Romeo and Juliet is Not a Love Story

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William Shakespeare (1564-1616) was a Renaissance poet and playwright who wrote and published the original versions of 38 plays, 154 sonnets, two long narrative poems, and several other poems. He is widely regarded as the greatest writer in the English language, and often called England’s national poet. Several of his works became extremely well known, thoroughly studied, and enjoyed all over the world. One of Shakespeare’s most prominent plays is titled The Tragedy of Romeo and Juliet. In this tragedy, the concept that is discussed and portrayed through the characters is love, as they are recognized as being “in love”. The general umbrella of love encompasses various kinds of love such as romantic love, the love of a parent for a child, love of one’s country, and several others. What is common to all love is this: Your own well-being is tied up with that of someone (or something) you love… When love is not present, changes in other people’s well being do not, in general, change your own… Being ‘in love’ infatuation is an intense state that displays similar features: … and finding everyone charming and nice, and thinking they all must sense one’s happiness. At first glance it seems as though Shakespeare advocates the hasty, hormone-driven passion portrayed by the protagonists, Romeo and Juliet; however, when viewed from a more modern, North-American perspective, it seems as though Shakespeare was not in fact endorsing it, but mocking the public’s superficial perception of love. Shakespeare’s criticism of the teens’ young and hasty love is portrayed in various instances of the play, including Romeo’s shallow, flip-flop love for Rosaline then Juliet, and his fights with Juliet’s family. Also, the conseque...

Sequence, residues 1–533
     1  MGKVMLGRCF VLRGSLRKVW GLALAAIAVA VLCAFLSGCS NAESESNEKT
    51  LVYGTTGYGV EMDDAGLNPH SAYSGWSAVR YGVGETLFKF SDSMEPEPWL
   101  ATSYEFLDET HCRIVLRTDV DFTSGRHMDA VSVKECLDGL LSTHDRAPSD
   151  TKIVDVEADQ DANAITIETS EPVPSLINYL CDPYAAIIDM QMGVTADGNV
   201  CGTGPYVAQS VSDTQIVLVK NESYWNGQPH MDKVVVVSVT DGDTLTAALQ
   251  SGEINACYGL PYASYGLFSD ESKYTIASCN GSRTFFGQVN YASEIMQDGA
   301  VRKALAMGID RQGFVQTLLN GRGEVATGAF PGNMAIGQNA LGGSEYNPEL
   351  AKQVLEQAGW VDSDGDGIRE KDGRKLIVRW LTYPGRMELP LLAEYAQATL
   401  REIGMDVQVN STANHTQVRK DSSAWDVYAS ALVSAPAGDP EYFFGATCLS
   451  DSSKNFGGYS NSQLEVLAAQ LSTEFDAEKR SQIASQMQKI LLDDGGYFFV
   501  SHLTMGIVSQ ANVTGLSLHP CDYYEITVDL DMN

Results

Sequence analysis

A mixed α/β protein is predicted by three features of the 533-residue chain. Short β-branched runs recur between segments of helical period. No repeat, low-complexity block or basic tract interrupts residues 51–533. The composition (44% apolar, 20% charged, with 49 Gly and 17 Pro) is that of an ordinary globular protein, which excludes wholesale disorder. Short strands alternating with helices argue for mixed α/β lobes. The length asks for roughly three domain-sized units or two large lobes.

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... off.”(“Love’s Bond”, Robert Nozick) If that is true when loving someone, Romeo evidently made the wrong decision to kill Tybalt. By fulfilling this revenge, Romeo not only caused Juliet to be upset, but he also placed a burden on himself: an imprudent decision. After analyzing Romeo’s careless approach to risking to lose Juliet’s love, it becomes clear that Romeo’s love for Juliet is not a real romantic love, but it is a hormone-driven, passionate, hasty love that is portrayed as ruinous and preposterous by Shakespeare through Romeo’s actions.

Shakespeare’s Romeo and Juliet is a play commonly viewed and known as a true love story; however, after analyzing several hints portrayed by the protagonists, it is evident that Shakespeare did not intend to make Romeo and Juliet seem like a true love story but a criticism of how superficial society’s view on love is.
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